The optimal version of a canid bone cracking device had been reached in the Dire Wolf, and remained the same right up to it’s point of extinction; even though it’s diet had changed drastically and wasn’t in need of such bite force to sustain itself. So well suited for cracking large bone. perhaps it continued to do so? But perhaps with large game it was provided, by the early humans it was now sharing it’s environment with. Fossils of Dire Wolf were found in very close proximity to the slaughtering area of a Clovis settlement. In October 2011, Dr. Jeff Saunders (now retired) has been looking at canids from Clovis sites. He presented results of his work on sites in southern Arizona at the Plains Anthropological Conference. He noted the presence of a diminutive form of Dire Wolf in these assemblages. Could this be evidence of early dog domestication in North America? We’ll be exploring this topic in more detail over the next few months. Also noted were a grave with a human and a dire wolf, apparently, buried together. I would be so, so interested to find the condition of the teeth of the Dire Wolves mentioned above. With NO competition, and plenty of time to gnaw on the bones too large for human consumption, but plenty of uses once the dog has cleaned it off. Maybe. It IS an intriguing idea.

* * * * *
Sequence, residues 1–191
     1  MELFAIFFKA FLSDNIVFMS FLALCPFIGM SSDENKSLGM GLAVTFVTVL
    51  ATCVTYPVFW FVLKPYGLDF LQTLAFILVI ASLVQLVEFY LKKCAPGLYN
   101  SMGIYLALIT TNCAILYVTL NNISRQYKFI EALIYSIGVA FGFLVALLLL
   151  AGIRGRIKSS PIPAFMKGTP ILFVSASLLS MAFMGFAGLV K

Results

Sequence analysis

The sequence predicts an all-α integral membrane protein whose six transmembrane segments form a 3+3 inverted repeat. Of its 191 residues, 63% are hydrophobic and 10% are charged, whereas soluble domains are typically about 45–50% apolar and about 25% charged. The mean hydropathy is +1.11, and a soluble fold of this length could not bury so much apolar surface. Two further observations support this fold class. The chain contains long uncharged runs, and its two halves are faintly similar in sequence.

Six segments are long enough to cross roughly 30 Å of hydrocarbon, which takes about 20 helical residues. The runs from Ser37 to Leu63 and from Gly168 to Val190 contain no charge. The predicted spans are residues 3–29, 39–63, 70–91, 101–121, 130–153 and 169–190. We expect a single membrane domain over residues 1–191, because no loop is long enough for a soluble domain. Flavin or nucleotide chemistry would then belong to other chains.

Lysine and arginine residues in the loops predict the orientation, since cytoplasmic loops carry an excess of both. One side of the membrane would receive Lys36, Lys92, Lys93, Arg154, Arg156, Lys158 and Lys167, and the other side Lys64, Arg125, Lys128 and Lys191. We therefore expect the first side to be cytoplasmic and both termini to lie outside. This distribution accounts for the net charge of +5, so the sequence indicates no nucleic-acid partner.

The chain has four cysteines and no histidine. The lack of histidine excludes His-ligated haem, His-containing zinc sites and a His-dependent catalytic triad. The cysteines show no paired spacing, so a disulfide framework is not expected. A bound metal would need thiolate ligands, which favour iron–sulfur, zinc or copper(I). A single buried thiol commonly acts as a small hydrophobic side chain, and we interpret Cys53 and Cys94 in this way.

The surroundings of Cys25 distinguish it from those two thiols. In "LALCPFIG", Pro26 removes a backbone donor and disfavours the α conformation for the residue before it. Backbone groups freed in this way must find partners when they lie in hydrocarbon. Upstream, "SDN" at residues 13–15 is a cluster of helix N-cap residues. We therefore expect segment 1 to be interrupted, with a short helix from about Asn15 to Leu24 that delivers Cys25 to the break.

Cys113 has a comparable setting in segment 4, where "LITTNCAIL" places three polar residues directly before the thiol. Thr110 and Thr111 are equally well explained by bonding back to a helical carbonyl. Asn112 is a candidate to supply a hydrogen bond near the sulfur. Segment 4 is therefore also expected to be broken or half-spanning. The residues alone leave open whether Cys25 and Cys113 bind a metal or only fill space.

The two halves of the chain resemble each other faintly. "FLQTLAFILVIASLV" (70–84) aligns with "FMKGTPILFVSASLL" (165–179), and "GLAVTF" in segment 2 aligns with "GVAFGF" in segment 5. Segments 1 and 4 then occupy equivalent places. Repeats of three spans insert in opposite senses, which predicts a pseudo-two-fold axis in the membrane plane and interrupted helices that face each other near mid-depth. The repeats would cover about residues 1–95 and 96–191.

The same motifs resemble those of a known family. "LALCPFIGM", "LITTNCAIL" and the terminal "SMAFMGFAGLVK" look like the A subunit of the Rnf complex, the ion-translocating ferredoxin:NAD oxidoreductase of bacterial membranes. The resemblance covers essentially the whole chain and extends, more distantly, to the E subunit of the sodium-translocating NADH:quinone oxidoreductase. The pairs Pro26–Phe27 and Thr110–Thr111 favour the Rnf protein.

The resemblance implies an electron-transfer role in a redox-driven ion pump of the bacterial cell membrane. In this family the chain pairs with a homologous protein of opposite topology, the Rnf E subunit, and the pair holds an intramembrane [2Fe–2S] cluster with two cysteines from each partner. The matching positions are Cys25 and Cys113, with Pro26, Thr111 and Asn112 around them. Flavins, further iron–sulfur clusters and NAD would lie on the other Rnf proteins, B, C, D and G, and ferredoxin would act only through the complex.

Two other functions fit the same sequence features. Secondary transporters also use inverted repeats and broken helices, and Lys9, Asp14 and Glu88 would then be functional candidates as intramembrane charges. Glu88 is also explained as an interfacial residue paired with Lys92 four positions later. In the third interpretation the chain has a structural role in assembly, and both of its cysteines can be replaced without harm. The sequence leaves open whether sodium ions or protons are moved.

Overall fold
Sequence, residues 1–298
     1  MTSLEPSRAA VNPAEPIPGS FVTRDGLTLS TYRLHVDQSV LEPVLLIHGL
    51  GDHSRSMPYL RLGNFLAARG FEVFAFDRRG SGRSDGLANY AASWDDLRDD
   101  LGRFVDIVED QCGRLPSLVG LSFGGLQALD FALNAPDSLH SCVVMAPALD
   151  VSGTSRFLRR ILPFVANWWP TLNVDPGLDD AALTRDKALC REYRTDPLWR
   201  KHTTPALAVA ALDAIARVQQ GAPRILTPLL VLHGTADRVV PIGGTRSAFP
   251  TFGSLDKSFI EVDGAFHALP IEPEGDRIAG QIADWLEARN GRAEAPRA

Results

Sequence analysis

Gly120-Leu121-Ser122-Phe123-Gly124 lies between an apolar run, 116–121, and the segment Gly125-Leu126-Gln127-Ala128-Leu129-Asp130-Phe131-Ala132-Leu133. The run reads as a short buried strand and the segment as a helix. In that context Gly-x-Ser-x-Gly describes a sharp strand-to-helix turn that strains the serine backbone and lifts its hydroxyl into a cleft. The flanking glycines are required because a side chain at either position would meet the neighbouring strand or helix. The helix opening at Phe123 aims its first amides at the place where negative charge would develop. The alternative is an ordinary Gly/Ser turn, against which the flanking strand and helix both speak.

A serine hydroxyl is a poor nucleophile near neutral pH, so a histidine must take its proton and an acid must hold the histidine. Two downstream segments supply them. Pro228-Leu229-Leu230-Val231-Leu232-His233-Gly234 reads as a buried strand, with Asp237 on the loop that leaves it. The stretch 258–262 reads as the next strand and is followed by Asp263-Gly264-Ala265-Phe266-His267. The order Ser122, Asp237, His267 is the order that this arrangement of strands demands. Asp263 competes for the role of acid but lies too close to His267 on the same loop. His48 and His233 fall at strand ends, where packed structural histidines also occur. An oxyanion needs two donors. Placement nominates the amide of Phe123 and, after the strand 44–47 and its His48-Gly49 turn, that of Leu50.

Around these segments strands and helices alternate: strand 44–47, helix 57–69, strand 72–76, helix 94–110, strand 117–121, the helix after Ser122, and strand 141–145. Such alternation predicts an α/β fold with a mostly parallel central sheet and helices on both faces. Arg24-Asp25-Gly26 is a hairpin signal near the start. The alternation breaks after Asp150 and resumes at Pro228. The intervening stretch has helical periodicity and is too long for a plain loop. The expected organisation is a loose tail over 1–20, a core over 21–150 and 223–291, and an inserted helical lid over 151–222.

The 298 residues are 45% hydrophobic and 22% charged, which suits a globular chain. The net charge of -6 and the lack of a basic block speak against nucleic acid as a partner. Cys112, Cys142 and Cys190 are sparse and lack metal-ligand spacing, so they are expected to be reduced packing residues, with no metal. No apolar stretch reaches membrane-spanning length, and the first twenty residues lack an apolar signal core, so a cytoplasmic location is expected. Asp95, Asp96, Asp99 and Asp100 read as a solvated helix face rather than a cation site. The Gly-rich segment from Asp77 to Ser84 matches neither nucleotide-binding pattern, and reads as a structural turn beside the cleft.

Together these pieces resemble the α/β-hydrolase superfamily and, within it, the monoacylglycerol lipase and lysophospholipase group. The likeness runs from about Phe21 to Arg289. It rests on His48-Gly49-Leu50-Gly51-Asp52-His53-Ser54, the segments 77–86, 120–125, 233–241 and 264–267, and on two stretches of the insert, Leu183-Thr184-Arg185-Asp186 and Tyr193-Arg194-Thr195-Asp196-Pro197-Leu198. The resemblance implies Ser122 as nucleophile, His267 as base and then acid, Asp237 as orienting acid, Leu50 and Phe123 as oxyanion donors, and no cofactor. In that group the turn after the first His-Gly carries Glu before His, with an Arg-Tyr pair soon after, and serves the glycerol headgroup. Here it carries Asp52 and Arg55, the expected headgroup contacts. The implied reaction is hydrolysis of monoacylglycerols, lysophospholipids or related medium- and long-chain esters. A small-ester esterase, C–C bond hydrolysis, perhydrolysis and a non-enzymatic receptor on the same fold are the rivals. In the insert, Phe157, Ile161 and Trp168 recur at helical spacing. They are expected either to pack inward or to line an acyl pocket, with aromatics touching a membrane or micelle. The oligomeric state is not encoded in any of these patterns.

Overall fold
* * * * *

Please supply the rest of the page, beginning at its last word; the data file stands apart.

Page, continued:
1.Dundas, R.G. (1999). "Quaternary records of the dire wolf, Canis dirus, in North and South America" (PDF). Boreas. 28 (3): 375–385. doi:10.1111/j.1502-3885.1999.tb00227.x.

2. *Retrieverman. Did the Clovis people domesticate dire wolves? Natural History. Scottie Westfall. 01-24-2012

3. The Dogs of Clovis

For further reference please see